A study released last week by Citizen Action of Wisconsin confirmed what we've been saying for decades -- Wisconsin businesses and individuals could save bundles of money if the nation's health care system is properly reformed.
Citizen Action's study said that President Barack Obama's plan, which includes a public health insurance option, would save state employers $1.8 billion a year and could lower health insurance premiums by up to 33 percent.
So how could you argue with that kind of savings? From the comments section below the article, their were many dissenters:
No facts, no details, just the conclusion of a left leaning political group that health care "reform" will save money … Citizen Action is just another in a long line of Democrat front groups that pays to generate a "report" that works as talking points for candidates - not actually doing any research. Not sure if the bigger joke is Citizen Action or the Cap Times for this silly article … Does the study take into account how public financed health care disincentives entrance into the medical profession? Does the study take into account the limits this will put on the development of new therapies?In another case of projection, conservative think that everyone, even liberal researchers, make things up like they do. It’s so much a part of their tactical “debate” that truth is now an opinion or a liberal lie, made to make them look foolish.
U.S. Rep. Steve Kagen, D-Green Bay, said, "This report shows that we can have much better coverage for a lower price," Kagen said. But the Citizen Action report demonstrates that even a plan that retains private insurance with a public option can lower health care costs. It further debunked the notion that private plans without a public option -- a position that the insurance lobby is pushing -- would save money as well. The study revealed the savings would be minimal at best andwould simply protect the current system, which has failed so many Americans for decades.And that’s the plan pushed by Sen. Max Bauchus and Sen. Chuck Grassley. Let’s hope the House’s role as policy maker supersedes the Senates funding and flawed structural vision.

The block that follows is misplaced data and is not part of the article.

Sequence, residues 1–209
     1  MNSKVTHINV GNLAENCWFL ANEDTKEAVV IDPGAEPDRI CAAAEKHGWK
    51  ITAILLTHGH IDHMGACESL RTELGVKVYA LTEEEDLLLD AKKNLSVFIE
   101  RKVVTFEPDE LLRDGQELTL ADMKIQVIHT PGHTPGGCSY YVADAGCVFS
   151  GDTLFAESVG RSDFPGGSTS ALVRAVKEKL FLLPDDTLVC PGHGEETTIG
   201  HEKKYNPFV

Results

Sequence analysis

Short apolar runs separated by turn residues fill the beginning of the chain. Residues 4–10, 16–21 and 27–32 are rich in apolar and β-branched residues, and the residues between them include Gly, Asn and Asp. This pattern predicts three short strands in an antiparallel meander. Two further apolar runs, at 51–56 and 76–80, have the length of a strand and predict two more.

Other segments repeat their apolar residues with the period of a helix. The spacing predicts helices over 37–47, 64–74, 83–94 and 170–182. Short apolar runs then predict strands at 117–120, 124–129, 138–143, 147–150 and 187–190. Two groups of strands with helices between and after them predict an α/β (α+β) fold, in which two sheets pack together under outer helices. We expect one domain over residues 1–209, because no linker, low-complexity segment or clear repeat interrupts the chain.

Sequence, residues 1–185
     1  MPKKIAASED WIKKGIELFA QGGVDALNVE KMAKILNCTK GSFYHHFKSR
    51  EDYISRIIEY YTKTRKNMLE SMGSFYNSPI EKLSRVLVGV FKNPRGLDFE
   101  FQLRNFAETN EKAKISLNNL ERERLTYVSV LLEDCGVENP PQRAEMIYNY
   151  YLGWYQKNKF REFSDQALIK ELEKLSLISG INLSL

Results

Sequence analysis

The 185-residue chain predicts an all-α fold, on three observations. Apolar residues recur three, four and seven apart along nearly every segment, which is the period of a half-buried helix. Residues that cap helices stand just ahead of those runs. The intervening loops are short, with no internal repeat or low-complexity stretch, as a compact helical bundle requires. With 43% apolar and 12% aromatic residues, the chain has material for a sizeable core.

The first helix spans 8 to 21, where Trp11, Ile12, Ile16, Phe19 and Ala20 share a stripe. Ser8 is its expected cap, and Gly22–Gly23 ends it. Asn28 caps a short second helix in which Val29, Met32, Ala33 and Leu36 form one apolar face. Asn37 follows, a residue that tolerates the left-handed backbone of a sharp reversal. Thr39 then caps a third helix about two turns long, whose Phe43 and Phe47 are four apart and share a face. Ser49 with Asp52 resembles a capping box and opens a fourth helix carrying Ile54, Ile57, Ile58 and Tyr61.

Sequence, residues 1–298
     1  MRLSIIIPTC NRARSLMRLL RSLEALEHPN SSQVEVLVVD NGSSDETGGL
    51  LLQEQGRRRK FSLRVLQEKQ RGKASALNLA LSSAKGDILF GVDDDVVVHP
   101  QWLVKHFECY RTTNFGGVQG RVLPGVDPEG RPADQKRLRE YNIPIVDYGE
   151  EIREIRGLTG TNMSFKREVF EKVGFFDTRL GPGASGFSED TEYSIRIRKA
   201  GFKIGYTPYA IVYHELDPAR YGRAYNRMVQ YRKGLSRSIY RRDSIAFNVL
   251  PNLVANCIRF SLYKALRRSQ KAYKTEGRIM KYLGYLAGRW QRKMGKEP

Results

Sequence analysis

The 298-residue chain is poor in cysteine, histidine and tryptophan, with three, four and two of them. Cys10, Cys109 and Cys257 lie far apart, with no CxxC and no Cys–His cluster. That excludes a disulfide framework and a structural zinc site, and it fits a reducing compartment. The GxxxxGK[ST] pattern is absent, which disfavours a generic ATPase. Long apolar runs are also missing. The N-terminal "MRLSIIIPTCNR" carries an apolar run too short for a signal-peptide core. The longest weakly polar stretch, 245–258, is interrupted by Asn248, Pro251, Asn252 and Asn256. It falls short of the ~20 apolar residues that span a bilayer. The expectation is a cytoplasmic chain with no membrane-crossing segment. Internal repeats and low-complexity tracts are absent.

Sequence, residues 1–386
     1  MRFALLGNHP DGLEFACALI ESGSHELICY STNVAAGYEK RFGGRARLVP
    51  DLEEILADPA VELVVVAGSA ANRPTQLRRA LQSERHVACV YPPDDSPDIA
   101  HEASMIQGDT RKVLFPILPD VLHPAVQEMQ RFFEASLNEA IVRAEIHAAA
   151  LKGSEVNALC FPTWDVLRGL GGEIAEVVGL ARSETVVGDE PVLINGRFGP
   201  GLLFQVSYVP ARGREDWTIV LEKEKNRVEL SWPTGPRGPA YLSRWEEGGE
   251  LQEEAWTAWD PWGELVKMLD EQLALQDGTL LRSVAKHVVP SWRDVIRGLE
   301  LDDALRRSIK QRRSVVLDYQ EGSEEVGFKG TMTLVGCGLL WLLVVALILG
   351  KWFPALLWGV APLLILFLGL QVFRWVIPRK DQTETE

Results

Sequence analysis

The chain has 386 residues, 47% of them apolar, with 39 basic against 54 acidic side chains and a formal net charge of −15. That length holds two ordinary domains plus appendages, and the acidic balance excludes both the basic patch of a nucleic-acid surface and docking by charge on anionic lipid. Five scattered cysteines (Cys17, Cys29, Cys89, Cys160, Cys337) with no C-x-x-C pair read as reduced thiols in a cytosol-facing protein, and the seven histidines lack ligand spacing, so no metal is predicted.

Here’s another comment worth considering:
As far as single payer health care goes a couple of points:
1) If a system is set up for profit than it automatically has a cost not related to keeping people healthy. When people complain about a government bureaucrat judging healthcare, it makes me wonder if they would rather have a corporate insurance bureaucrat (that strictly motivated by profit) making those decisions.
2) While a single payer health care can be affordable, it doesn't have to be free. Minimum co-pays can be used to help prevent fraud and abuse as well as keeping people from over-using the system.
3) We already have a "free" system it's called the emergency room. Except it isn't free to those that have to use it and have health insurance. The ER charges people for the visit as well as the people that came in for free. This means that anyone (including me) that uses health care gets to pay for other people now with larger and larger health premiums.
4) International study after study has shown that we curerently have one of the most overprised, under-used healthcare systems. Every statistic has shown that we have less healthy outcomes for it as well.
IT NEEDS TO CHANGE.